Borders Railway delivering its promises to the region

THE Borders Railway between Edinburgh and Tweedbank is attracting new workers, homeowners and tourists to communities served by the line.

An independent study by Peter Brett Associates reports the £300million railway has become a major factor in decisions to relocate to the area, with 50% of users who had moved house and more than 80% of those who changed jobs stating that the railway had been a factor in their decision.

Borders Railway-liveried Class 170 No. 170414 approaches Falahill summit on the first day of the reopened railway – September 5, 2015. CHRIS MILNER

More than 65% of tourist users stated the rail line was a factor in their decision to make their trip.

Commuting is the most common journey purpose, but the line also sees a large volume of leisure traffic and a considerable number of trips for education. In December 2016, Borders College in Galashiels reported a 74% increase in applications.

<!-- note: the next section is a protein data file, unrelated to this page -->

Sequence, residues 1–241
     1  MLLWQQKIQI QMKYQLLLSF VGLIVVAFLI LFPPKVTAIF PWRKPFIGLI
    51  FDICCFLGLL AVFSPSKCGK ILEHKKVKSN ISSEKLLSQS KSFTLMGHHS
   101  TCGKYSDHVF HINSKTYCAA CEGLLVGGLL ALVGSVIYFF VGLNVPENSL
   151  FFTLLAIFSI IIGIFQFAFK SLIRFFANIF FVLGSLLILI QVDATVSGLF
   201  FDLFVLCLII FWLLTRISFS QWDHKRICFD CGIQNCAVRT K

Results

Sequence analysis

About 50,000 (36%) of the estimated annual single trips recorded via the sample were ‘new trips’.

Passenger numbers are higher than forecast at all Scottish Borders stations and lower than forecast at all Midlothian stations. It is estimated that 40,000 car journeys and 22,000 bus journeys are being saved annually.

The research was carried out before ScotRail’s service improvement plan of November 2016 took effect.

Since the study, ScotRail has also added extra seats on
peak-time trains.

In April, Transport Scotland announced a study into extending the Borders Railway to Hawick, with an option to reopen the line to Carlisle.

Read more News and Features in the July 2017 issue of The RM – on sale now!

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